The animal was routinely prepared for aseptic surgery. The animal was sedated with 5 ml Triflupromazine (Siquil, Sarabhai. India Ltd.) administered intramuscularly 30 minutes prior to surgery. Local analgesia of surgical site was achieved by subcutaneous infiltration of 10 ml of 2% Lignocaine HCL (Xylocaine, Astra-IDL). A 5-cm long linear incision was given on skin directly over the hard swellings. The Stensonís duct was dissected carefully taking care to avoid accompanying veins and arteries (Fig. 2) The culculi were exposed by an incision on the duct and these were removed with the help of an Allis tissue forceps. The duct was lavaged with Ringerís solution and its patency was confirmed by catheterization rostrally, Careful dissection, debridement and excision of superfluous part of the wall of fistula and duct were then done followed by lavaging with Ringerís solution. The fistulous opening of the duct was then closed with chromic catgut sutures applied in a simple continuous manner. The first suture line was buried under the overlying fascia again by catgut sutures. The skin was closed routinely with silk sutures in an interrupted mattress pattern. The animal was given Inj. Streptopenicillin (Dicrysticin, Sarabhai India Ltd.) 2.5 gm I/M and Inj. Diclofenec sod. (Zobid, Sarabhai India Ltd.) 15 ml I/M daily for 7 days besides regular antiseptic dressing of wound post operatively. The surgical wound eventually healed normally and no leakage of saliva was seen thereafter. No recurrence of the condition was reported till six months after the surgery.




  Fig. 2. Dissected Stensonís duct with   

             sialolith in its lumen




            The occurrence of sialoliths or salivary calculi has been reported in different kinds of animals such as dog (Bartels, 1978), cattle (Ali et al, 1978), monkey (Ensley et al, 1981), donkey (Misk et al, 1984), horse (Bouayad et al, 1991) camel (Barvalia et al, 1992), chimpanzee (Orkin et al, 1990) etc. These are seen more often in horses than in other species (Hofmeyr, 1988). Sialoliths form in a duct or in the salivary gland itself, generally as a result of chronic inflammation, which provides desquamated cells or consolidated exudates as a minute nidus upon which calcium salts precipitate (Orkin et al, 1990). Small foreign bodies entering the ostium of salivary duct may also initiate the precipitation of salts (Hofmeyr 1988; Baskett et al, 1995). The cross sectioning of the sialoliths in the present case revealed the presence of hay straw in the centre (Fig. 4). This suggests that the hay straw might have accidentally entered the salivary duct probably during rumination and acted as nidus for the deposition of salivary salts. The continuous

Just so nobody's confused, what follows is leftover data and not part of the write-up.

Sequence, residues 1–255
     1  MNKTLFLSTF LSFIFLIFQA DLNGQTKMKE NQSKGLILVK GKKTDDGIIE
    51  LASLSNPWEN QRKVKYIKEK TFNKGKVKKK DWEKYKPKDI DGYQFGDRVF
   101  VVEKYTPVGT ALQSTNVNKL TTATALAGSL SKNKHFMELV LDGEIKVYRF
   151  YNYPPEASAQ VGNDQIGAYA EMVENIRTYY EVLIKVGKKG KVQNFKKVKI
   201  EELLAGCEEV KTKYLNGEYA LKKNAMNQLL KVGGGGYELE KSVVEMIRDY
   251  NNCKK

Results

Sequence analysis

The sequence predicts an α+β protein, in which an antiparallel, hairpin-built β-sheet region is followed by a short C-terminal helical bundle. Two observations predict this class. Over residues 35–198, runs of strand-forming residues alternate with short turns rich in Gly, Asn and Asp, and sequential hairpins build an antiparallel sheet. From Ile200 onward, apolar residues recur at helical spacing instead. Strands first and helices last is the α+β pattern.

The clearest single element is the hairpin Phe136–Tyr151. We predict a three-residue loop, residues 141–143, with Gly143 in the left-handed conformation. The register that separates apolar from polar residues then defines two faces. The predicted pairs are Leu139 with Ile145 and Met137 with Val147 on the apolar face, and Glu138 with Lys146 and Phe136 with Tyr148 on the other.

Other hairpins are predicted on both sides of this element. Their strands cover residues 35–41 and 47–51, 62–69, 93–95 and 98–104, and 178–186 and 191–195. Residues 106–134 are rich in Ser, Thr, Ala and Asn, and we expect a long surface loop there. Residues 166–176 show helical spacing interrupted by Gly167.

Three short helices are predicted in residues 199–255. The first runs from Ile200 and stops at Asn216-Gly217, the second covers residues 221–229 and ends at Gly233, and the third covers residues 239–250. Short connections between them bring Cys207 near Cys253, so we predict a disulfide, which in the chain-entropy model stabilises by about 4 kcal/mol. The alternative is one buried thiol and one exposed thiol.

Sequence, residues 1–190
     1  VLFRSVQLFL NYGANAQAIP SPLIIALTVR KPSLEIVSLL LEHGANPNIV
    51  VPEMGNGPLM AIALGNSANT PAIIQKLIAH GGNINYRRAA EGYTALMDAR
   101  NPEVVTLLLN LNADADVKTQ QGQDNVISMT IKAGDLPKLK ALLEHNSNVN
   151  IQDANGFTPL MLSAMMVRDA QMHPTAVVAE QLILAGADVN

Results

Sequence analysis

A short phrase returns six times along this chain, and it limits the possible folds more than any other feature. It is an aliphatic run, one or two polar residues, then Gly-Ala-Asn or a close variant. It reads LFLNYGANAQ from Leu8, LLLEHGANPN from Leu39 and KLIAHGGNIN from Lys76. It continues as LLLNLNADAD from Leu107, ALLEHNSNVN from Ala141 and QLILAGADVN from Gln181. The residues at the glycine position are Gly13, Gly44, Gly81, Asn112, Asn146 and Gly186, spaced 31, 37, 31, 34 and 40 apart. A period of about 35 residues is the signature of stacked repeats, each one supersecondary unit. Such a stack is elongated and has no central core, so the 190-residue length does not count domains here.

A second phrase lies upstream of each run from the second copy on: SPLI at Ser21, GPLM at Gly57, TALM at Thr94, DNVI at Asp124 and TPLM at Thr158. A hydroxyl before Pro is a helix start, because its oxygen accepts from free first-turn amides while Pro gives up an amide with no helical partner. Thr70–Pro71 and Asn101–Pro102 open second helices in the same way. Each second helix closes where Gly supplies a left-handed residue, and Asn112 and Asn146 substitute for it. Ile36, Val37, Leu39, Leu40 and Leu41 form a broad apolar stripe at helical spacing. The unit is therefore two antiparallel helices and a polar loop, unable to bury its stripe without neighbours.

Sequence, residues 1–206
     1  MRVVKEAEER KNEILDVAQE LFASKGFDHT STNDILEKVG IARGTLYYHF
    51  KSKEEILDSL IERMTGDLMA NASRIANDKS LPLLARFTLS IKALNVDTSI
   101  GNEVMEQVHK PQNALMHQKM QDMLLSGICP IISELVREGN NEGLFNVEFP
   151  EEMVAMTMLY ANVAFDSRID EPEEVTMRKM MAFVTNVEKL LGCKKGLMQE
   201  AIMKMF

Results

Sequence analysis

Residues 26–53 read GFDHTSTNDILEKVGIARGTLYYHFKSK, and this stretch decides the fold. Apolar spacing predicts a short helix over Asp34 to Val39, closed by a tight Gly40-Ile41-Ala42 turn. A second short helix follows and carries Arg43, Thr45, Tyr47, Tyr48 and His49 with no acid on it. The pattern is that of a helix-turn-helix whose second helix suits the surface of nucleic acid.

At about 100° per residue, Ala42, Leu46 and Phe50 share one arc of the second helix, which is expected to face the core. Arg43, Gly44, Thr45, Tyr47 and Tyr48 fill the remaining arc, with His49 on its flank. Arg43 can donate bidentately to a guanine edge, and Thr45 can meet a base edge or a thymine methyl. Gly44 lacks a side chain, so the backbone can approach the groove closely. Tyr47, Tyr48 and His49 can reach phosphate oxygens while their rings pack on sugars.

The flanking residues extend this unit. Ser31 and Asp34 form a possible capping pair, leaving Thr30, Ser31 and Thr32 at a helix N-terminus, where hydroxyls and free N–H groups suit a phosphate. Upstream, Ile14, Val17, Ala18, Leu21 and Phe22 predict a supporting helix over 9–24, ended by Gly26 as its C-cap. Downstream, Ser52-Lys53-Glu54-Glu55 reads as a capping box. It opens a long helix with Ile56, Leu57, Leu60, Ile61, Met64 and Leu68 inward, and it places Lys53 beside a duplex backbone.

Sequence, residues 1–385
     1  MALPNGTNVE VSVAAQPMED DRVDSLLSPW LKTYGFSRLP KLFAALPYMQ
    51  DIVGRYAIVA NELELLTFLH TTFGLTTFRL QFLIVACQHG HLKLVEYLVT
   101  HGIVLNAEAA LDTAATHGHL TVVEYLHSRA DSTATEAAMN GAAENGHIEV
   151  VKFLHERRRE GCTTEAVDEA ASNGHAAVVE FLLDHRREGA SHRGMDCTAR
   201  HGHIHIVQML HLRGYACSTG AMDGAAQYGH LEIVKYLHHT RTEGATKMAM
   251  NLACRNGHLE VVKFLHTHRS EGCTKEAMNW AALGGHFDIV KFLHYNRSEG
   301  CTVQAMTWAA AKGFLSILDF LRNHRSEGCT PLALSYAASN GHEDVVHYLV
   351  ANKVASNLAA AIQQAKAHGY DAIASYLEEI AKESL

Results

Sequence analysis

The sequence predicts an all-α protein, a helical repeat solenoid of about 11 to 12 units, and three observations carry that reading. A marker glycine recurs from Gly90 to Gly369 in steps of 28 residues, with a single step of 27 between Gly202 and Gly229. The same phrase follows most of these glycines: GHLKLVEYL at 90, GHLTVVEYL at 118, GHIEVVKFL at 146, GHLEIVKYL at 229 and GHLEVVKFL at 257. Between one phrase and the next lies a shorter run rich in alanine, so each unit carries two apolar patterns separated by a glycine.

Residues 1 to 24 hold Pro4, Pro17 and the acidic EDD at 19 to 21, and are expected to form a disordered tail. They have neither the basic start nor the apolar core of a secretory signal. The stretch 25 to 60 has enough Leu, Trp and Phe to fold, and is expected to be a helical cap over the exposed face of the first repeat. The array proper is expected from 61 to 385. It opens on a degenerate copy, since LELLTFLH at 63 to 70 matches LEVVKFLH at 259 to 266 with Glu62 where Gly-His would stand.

Fig. 3. Sialotilts removed from the  

           Stensonís duct



Fig. 4. Cross section of sialoliths

          showing hay straw in

          the centre



Deposition of salts may result in formation of very large sized calculi of various shapes sometimes up to several centimeters in length and diameter (Jones et al, 1997). In the present case also, one calculus was almost cylindrical (approximately 2.5 cm x 2.0 cm x 2.0 cm) and weighing 10.14 gm whereas, another calculus occupying rostral position in the duct was almost rounded (diameter 2.0 cm) and weighed 6.77 gm (Fig. 3). The main component of sialoliths in the present case was identified to be calcium carbonate along with traces of magnesium and phosphate. Calcium carbonate is routinely identified in cases of sialoliths in other species of animals also (Hofmeyr, 1988). Larger calculi obliterate the salivary ducts that may result in to atrophy of associated salivary gland. However, generally before this process is complete, a cyst may form in the obstructed duct due to the dilating effect of the entrapped secretions. A salivary fistula occasionally forms when an injury creates an opening from the duct to the outside of the body (Orkin et al, 1990). The early surgical intervention is must for the treatment of this condition to save the affected salivary gland from atrophy.

            The perusal of the literature failed to reveal any report about the occurrence of sialoliths in buffaloes so far. Therefore this case is reported to record the occurrence of sialoliths in buffaloes in India.